Release Day: Strength by Carrie Butler!


Strength

Title: Strength
Series: Mark of Nexus – Book 1
Publisher: Sapphire Star Publishing
Category: New Adult (NA)
Genre: Paranormal Romance (PNR)
Release Date: March 07, 2013

Available at: AmazonKindleBarnes and Noble, and Nook. More retailers will be added in the coming weeks, i.e. Sony Reader Store, iBookstore, Kobo, etc. Be sure to keep an eye on Carrie’s Pinterest Retailers board. She updates it whenever STRENGTH pops up somewhere. 🙂

Strength

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Summary

When college student Rena Collins finds herself nose-to-chest with the campus outcast, her rumor-laced notions are shattered. Handsome, considerate, and seemingly sane, Wallace Blake doesn’t look like he spends his nights alone, screaming and banging on the walls of his dorm room. Hell, he doesn’t look like he spends his nights alone, period.

Too curious for her own good, Rena vows to uncover the truth behind Wallace’s madman reputation—and how two seconds of contact had left her with bruises. Of course, there are a few minor setbacks along the way: guilt, admiration, feelings of the warm and fuzzy variety…

Not to mention the unwanted attention of Wallace’s powerful, supernaturally-gifted family.

They’re a bloodline divided by opposing ideals, two soon-to-be warring factions that live in secret among us. When Rena ends up caught in their crossfire, Wallace has no choice but to save her by using his powers. Now they’re really in trouble. With war on the horizon and Rena’s life in the balance, he needs to put some distance between them. But Rena won’t let go. If fighting is what it takes to prove her own strength and keep Wallace in her life, then that’s what she’ll do—even if it means risking a whole lot more than her heart.

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The BIG Giveaway!

Did I mention there’s a HUGE giveway, too. There’s a chance to win $25 Visa Gift Card, a signed copy of STRENGTH, a signed poster of STRENGTH,  Two Ghirardelli Dark & Caramel Chocolate Squares, Collectable Pins, Bookmarks, and Tats.

Enter here: a Rafflecopter giveaway

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About the Author

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Carrie daydreamed her way through college—until they thrust a marketing degree into her hands, slapped a summa cum laude seal on the corner, and booted her out into a less-than-stellar job market. Instead of panicking at the prospect of unemployment, she used her Midwestern logic to steer into the skid and point her life in the direction she really wanted to go: writing out those daydreams.

Where to find Carrie:

WEBSITE  |  BLOG  |  PUBLISHER  |  TWITTER  |  FACEBOOK  |  GOODREADS  |  GOOGLE+

Where to find Strength:

BOOK PAGE  |  GOODREADS  |  PUBLISHER  |  FACEBOOK  |  PINTEREST BOOK TRAILER

Do I Have To Let Her Fall?


My Sweet Daughter
(I know I should let her fall, but I can’t)

When it comes to fictional characters, it’s tempting to catch them when they fall, or at least ease them to the ground. Say, the main character gets in to a fight and manages to escape relatively unscathed. Or perhaps, there’s a car/airplane/train accident and the protagonist walks away with only a concussion. Unless the main character (MC) possesses supernatural abilities, the scene may not be living up to its full potential.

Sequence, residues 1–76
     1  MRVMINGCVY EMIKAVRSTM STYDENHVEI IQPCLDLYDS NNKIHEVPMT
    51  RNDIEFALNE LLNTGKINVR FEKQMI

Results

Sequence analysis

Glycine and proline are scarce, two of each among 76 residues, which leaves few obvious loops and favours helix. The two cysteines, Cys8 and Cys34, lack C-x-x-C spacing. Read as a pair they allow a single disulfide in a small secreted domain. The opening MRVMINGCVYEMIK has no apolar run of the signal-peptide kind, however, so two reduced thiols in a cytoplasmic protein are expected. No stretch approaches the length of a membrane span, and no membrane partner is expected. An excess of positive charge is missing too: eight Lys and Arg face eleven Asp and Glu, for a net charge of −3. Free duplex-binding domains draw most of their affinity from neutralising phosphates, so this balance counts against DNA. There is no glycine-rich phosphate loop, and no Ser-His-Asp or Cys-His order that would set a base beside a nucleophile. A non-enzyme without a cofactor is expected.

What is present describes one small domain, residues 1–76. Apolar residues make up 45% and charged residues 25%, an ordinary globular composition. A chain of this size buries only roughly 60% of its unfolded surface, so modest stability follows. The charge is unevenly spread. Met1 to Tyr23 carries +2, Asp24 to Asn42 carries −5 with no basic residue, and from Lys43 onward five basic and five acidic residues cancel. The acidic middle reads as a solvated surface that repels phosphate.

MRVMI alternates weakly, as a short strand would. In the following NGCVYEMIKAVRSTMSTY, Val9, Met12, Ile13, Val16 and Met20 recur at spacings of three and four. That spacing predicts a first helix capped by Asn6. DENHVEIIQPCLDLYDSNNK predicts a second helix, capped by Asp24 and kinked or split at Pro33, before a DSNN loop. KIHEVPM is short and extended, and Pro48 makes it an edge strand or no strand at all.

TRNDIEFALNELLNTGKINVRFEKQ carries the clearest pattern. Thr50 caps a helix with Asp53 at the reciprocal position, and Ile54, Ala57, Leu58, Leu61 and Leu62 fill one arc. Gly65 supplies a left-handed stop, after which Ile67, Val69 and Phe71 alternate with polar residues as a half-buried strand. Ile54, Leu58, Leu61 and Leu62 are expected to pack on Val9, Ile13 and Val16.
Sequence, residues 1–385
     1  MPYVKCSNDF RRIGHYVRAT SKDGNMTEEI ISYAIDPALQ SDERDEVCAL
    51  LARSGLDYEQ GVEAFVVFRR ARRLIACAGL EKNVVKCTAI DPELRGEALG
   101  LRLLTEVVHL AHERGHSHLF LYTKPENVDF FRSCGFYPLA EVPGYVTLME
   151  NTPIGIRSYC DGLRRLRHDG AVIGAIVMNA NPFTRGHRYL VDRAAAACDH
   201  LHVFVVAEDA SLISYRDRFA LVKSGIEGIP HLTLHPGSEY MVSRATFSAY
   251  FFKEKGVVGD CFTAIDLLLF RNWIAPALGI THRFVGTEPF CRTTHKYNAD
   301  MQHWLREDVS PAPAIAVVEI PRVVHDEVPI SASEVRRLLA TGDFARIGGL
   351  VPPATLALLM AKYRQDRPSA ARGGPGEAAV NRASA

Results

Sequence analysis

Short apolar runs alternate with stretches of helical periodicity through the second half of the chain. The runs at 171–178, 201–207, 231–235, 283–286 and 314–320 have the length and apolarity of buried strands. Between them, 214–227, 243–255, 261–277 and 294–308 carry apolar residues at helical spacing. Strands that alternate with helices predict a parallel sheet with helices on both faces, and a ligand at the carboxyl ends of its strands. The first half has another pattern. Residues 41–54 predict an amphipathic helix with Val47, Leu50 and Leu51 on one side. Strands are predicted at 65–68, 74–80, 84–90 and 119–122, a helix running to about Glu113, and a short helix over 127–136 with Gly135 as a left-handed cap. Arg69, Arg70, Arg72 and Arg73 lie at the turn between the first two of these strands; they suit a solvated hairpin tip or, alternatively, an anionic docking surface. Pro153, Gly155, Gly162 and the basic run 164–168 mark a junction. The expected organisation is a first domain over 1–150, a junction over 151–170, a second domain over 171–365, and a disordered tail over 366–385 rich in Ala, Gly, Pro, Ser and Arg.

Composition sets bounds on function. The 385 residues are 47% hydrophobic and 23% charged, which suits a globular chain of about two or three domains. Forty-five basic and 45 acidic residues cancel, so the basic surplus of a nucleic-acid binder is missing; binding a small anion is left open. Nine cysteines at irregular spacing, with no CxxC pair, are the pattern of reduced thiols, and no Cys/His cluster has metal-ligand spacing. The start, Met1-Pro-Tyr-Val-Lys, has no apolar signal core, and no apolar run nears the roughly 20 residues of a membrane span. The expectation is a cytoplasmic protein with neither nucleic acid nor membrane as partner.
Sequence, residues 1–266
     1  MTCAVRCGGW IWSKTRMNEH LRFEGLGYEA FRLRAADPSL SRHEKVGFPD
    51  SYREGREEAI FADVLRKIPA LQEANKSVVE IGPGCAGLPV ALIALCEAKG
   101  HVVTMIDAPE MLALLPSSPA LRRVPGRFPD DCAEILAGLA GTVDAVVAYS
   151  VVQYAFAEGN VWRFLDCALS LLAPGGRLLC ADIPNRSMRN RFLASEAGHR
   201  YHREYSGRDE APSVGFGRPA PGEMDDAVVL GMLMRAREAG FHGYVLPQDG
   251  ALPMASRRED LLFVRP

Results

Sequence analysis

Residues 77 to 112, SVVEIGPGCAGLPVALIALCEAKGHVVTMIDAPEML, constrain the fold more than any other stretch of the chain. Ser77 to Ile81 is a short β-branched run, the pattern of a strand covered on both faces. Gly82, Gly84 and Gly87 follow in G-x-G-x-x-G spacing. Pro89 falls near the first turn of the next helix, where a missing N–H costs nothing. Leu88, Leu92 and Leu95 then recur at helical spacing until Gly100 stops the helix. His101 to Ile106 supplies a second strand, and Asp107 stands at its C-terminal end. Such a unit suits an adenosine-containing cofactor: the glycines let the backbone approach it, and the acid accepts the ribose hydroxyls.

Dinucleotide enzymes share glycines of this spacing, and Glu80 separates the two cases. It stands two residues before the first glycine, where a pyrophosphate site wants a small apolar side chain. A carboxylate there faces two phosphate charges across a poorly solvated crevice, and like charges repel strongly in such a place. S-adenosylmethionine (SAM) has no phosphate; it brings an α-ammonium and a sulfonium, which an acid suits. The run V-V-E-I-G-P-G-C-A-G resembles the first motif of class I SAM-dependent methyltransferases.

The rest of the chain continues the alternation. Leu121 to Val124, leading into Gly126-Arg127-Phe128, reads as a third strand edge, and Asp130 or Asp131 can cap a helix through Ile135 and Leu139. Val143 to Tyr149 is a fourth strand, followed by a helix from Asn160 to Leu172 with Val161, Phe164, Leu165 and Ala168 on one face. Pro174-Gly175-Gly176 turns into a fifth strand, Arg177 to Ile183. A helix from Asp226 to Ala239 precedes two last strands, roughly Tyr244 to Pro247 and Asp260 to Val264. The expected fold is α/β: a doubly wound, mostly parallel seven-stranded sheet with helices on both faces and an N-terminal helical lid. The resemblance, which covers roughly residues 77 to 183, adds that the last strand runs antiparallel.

Not only do writers have to let the protagonist fall, they have to push the MC down and step on their fingers. If readers don’t believe the character is in real danger, it diminishes the tension. Conflict stems from characters facing a worthy adversary, someone or something which could potentially conquer the MC.

Every character has a weakness. It’s the writer’s job to figure out what it is and push their darlings to the edge. Keep in mind, conflict stems from a variety of sources, not just physical pain. Think of Will Smith’s character in the Pursuit of Happiness. The movie starts when things are going okay for him, but then his life undergoes dramatic changes, most of them to his detriment and just when you think things can’t get worse they do.

Do you let your characters fall? Are you guilty of catching them? What book/movie do you feel exemplifies letting a character “fall”?

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Eavesdrop and Take Notes


Photo Credit: Frank Selmo (frankselmo on Flickr)

I’m always looking for inspiration for my next short story, novel, blog post, characters, setting, etc. While my dreams provide the foundation for many stories, some of them are a little too out there to mold into anything useful. I’ll be the first to admit my muse and I don’t always get along. There are times when we don’t talk, but if I’m going to take this writing thing seriously, which I do, I can’t go around making excuses.

“We value results, not excuses.”

So, what can you do when you’re fresh out of ideas and your muse is on vacation? Eavesdrop and take notes. I know as kids we’re taught listening in on other people’s conversation is rude, but I’m not convinced it applies to writers. After all, are we not tasked with observing the world around us and capturing it with words?

And while you’re noting story ideas, plot twist, dialect, key phrases, or potential conflict, go ahead and note how people interact. What are their hands doing while they speak/listen? How do facial expressions change? How are they sitting (leaning close/away or a combo)? How much eye contact is going on? Are people standing? If so, how are their bodies positioned? Straight? Angled? Weight shifted to one leg?

Observe and take notes. Just don’t let them catch you doing it. 🙂

Where do you find inspiration for your work? Have you ever eavesdropped? Do you take notes? Anything from your ‘field study’ you’d like to share?